Cardinal Timothy Dolan believes "the real heroes are those who die naturally" but this is not the reality.Getty

Our Lady of Peace just can’t catch a break.

A few weeks back, my family attended a neighbor’s christening at Our Lady of Peace church, a five minute walk from my home in Woodbridge, New Jersey. While the church remains open, students at the adjoining Our Lady of Peace grammar school learned over the summer that their school would be closing because of a steep drop in enrollments.

Parishioners at Our Lady of Peace parish on Manhattan’s East 62nd Street, meanwhile, learned this week that their parish would also be among dozens to be closed or consolidated, under a sweeping plan announced by Cardinal Timothy Dolan.

The New York Times noted that parishioners at Manhattan’s Our Lady of Peace “had collected more than 3,000 petition signatures, circulated about 300 letters of protest and started a Facebook page and a blog.”

Nevertheless, whatever small details remain to be ironed out, Dolan has made it clear that these are painful and regrettable yet necessary decisions.

This, of course, is not the first time the Archdiocese has been forced to shuffle its resources, and it probably won’t be the last. The times they are a’changing, and it would surely be irresponsible for Dolan not to respond to shifting demographics in and around the New York area, historically considered the Catholic capital of America.

A host of factors make these periodic parish reshufflings necessary. For decades, Irish and Italian Catholics have been moving from the Bronx and Manhattan to Staten Island or nearby suburbs, dropping numbers in older parishes but raising them in newer ones.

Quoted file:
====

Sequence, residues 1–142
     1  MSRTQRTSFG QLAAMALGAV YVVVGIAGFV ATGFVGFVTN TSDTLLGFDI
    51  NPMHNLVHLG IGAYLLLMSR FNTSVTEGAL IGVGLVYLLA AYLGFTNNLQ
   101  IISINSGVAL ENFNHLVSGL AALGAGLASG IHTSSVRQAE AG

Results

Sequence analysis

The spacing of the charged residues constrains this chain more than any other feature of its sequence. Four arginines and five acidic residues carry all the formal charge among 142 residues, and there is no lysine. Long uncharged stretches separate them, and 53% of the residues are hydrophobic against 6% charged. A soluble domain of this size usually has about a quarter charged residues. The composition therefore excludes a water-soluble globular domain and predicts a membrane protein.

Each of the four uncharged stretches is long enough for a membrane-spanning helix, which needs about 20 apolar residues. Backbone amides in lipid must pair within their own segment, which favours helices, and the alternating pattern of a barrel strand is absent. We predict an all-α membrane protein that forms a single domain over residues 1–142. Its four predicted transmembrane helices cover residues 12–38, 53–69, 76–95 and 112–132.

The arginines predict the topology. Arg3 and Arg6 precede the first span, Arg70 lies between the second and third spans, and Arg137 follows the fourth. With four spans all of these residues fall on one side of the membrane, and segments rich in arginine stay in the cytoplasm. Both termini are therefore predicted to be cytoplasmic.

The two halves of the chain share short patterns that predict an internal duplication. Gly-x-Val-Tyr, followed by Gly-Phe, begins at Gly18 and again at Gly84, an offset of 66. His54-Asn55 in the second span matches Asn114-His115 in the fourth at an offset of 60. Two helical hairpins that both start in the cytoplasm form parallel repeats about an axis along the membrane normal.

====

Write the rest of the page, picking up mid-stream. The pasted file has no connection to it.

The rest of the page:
Then there is the criminal price of real estate and doing business in New York (I mentioned I am raising my four children in New Jersey, right?), which raises parish costs, and sends non-wealthy Catholics to other places.

But there are other grim statistics that have more to do with the state of Catholicism in the 21st century.

One oft-cited statistic says that just 12 percent of the New York Archdiocese’s 2.8 million Catholics attend Mass every Sunday. Dolan himself acknowledged this in an interview with Daily News columnist Denis Hamill, himself the child of Brooklyn Irish Catholic immigrants.

“Some people blame empty churches on a shortage of priests,” Dolan said. “I say it’s a shortage of the faithful.”

The million dollar question (an appropriate term here) then becomes this: Why all those sparsely-populated pews?

If you are going to truly wrestle with why so many have come to see the Catholic Church as irrelevant to their lives, you can’t avoid the horrific sex abuse revelations and the church’s outdated views on women, gays, birth control and other matters.

The recent Vatican Synod on the family perfectly illustrates just how beholden the 21st century church is to leaders who’d prefer to turn back the clock to Galileo’s time.

Imagine if statistics about Catholics under, say, 30 were available? Do you really think 12 percent of young New York Catholics are going to Mass and Confession regularly?

Which is why, to me, Cardinal Raymond Burke’s recent negative comments about Pope Francis -- “There is a strong sense that the church is like a ship without a rudder” -- are actually welcome.

It’s why I’m appreciative when Star Ledger newspaper columnist Tom Moran tells the story of his devout mother, a widow with nine children, who married a divorced man and also found a local priest to administer Communion.

“The local priest was wrong,” Newark Archbishop John Myers once flatly declared to Moran.

With plain-spoken traditionalist rhetoric such as this, it will never be much of a mystery why so many Americans are abandoning the faith.

Church leaders need not condone hedonism in all its forms in order to appeal to today’s Catholics. They could surely find a way to speak with grace and humility about matters of the body as well as the soul.

Until then, however, the pews will likely remain sparsely populated. And the true victims will be the meek and needy who can no longer rely on selfless nuns and priests and lay volunteers who dedicate themselves to following in Jesus’ footsteps, which usually means not worrying too much about a person’s position on divorce or birth control, or who they choose to fall in love with.

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